Articles

British Music Criticism and Anti-intellectualism
Mark Fitzgerald reviews a new book edited by Jeremy Dibble and Julian Horton that examines musical criticism in Britain from 1850 to 1950 – including discussions of George Bernard Shaw, Ralph Vaughan Williams, Rosa Newmarch and Edward Dent.
Why was Hamburg the Perfect Fit for the Beatles?
58 years ago this month The Beatles began their legendary residency in Hamburg, but what was it about the German port city that was ideal for their sound? Julia Sneeringer explores the confluence of factors that allowed rock 'n' roll gain a foothold.
Somebody is in Control
The first All Together Now festival took place on 3–5 August on the Curraghmore Estate in Waterford. It's where the new Irish generations come for freedom – or is it order, asks Toner Quinn.
Making the Invisible Visible
The ancient Japanese art form of Noh – comprising music, chant, voice, costume and movement – evokes an 'extreme height of tension', writes Anna Murray, who attended the 'Noh: Reimagined' festival at London’s Kings Place this summer.
Remembering Tommy Peoples
A tribute to the great Irish fiddle-player who died on 3 August.
How Musicians Can Start to Afford Ireland
Singer-songwriter David Kitt is leaving Ireland because of the housing situation, and music writer and DJ Nialler9 is 'stressed and broken' by it. Boom after bust after boom, the lot of the Irish musician never seems to change. There is a way to change this, writes Toner Quinn.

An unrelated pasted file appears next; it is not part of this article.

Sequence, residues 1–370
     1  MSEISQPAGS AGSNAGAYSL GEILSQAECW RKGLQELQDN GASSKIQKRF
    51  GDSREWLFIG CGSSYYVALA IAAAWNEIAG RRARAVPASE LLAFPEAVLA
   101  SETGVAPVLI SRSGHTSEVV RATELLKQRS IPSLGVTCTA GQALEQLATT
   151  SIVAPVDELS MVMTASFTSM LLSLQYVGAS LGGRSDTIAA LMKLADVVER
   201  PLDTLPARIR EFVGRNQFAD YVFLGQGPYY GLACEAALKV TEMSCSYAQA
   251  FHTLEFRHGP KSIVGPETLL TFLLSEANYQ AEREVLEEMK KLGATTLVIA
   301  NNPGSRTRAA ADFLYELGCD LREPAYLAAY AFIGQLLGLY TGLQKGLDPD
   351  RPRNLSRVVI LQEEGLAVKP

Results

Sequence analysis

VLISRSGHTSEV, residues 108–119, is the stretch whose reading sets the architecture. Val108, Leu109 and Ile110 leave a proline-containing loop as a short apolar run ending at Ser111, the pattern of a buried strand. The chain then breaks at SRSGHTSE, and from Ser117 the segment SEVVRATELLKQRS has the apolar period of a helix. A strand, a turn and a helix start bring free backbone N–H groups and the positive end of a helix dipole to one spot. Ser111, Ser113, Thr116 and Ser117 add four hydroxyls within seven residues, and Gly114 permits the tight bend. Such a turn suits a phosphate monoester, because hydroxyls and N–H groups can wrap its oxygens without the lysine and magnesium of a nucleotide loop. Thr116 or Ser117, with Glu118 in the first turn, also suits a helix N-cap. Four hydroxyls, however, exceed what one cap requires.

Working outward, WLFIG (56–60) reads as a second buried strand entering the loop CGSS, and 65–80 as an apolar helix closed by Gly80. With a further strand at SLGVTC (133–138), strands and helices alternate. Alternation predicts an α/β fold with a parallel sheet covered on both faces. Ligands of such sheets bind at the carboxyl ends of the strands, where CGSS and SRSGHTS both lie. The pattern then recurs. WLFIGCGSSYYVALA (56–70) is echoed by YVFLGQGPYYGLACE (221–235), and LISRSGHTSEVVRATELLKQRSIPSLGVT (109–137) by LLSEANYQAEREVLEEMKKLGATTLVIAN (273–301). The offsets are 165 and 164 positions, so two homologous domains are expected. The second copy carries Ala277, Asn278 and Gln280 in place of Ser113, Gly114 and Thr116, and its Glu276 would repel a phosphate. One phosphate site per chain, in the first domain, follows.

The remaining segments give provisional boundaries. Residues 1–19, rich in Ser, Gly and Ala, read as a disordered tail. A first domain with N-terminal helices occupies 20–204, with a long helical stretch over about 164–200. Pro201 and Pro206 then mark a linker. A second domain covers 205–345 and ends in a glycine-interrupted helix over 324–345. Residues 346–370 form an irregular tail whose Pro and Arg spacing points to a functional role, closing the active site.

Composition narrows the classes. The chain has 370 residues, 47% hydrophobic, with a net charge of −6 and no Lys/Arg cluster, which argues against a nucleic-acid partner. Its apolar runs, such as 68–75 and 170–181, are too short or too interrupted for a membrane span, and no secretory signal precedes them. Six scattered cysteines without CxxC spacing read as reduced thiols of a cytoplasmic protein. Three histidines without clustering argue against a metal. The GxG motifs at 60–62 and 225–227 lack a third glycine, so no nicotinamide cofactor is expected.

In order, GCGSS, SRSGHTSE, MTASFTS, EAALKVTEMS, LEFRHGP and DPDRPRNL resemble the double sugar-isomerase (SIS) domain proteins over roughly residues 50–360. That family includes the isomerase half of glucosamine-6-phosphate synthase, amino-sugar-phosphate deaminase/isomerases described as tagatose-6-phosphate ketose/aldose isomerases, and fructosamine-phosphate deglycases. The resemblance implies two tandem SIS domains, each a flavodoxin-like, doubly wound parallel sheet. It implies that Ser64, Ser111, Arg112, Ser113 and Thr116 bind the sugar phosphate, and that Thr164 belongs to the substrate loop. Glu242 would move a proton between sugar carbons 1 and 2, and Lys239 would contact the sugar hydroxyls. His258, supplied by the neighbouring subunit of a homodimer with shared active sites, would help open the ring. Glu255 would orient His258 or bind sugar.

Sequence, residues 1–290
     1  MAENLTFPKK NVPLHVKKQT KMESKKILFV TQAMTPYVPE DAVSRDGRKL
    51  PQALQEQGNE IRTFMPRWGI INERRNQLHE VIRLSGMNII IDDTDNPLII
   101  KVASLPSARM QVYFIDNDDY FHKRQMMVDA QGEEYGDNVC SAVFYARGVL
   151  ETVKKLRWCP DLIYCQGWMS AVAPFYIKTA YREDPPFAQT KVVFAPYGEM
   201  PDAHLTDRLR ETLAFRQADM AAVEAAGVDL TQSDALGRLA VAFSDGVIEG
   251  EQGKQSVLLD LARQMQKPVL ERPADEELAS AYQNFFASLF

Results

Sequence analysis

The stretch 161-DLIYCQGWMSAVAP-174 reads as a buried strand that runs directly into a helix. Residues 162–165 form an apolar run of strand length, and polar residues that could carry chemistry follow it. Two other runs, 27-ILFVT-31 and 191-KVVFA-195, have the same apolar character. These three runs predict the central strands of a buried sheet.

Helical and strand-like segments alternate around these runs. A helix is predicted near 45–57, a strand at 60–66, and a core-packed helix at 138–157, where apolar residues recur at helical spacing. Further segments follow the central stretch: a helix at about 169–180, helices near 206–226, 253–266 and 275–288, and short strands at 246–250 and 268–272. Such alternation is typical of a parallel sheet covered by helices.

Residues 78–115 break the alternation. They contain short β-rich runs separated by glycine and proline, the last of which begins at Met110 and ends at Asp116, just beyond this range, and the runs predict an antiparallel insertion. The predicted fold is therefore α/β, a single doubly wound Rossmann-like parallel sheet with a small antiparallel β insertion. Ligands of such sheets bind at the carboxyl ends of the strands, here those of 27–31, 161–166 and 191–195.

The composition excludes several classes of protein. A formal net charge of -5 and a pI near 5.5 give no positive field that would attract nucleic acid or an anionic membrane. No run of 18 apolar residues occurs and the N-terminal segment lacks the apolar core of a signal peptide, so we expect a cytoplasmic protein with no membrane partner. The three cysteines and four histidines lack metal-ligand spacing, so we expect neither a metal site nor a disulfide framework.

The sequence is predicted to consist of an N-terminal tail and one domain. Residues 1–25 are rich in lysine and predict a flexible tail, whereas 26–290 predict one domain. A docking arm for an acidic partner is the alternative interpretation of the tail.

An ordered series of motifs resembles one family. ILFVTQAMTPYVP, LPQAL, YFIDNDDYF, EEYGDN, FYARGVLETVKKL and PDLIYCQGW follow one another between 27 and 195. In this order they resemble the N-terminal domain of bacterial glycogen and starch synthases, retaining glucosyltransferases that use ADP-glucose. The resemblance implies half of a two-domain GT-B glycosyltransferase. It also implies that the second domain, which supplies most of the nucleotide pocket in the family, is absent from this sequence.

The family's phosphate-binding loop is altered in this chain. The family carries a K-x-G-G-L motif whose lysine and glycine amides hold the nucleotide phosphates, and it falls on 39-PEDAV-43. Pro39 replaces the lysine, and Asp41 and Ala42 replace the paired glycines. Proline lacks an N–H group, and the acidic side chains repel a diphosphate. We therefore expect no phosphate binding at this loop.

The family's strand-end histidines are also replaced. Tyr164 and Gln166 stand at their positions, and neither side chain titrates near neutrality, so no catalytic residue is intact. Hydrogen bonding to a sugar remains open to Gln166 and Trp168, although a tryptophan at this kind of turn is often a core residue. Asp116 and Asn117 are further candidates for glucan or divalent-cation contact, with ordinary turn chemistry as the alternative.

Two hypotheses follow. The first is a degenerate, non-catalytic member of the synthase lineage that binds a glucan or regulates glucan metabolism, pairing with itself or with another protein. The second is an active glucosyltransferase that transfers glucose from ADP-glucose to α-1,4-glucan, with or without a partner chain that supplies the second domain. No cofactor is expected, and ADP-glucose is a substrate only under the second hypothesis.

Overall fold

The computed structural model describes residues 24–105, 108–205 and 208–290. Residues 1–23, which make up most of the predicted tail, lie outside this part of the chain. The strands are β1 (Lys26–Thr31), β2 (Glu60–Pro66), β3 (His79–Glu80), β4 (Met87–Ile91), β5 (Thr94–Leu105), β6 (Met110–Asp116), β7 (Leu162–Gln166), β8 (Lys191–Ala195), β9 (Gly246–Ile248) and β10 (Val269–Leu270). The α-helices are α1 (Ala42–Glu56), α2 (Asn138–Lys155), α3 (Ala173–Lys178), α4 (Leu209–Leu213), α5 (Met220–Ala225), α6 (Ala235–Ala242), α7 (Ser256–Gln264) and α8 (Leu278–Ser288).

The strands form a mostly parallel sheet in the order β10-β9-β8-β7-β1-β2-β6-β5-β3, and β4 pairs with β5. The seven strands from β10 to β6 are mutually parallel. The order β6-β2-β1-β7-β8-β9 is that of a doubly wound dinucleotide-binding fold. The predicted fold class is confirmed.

Together Never Fails
From Rebecca Saunders and Séverine Ballon to Gavin Bryars and Galina Grigorjeva, the music at The Book of Hours two-day festival in Louth knew no borders, writes Brendan Finan.
A Global Ireland Without Musicians?
The Irish Government has launched a new initiative, 'Global Ireland', with international aspirations – but what does it mean for Irish music?
The Truth About Country Music in the USA
Music is playing its part in the new battle of ideas in American politics, and perhaps none more so than country. But where does it sit – on the right or the left – and who decides? Mark Allan Jackson, editor of a new book on country, challenges the perspectives on both sides.
The New Normal?
The RTÉ National Symphony Orchestra has just announced its 2018/19 season. Adrian Smith looks at the range of music on offer – from contemporary and classical to traditional – and considers some of the overall trends in programming.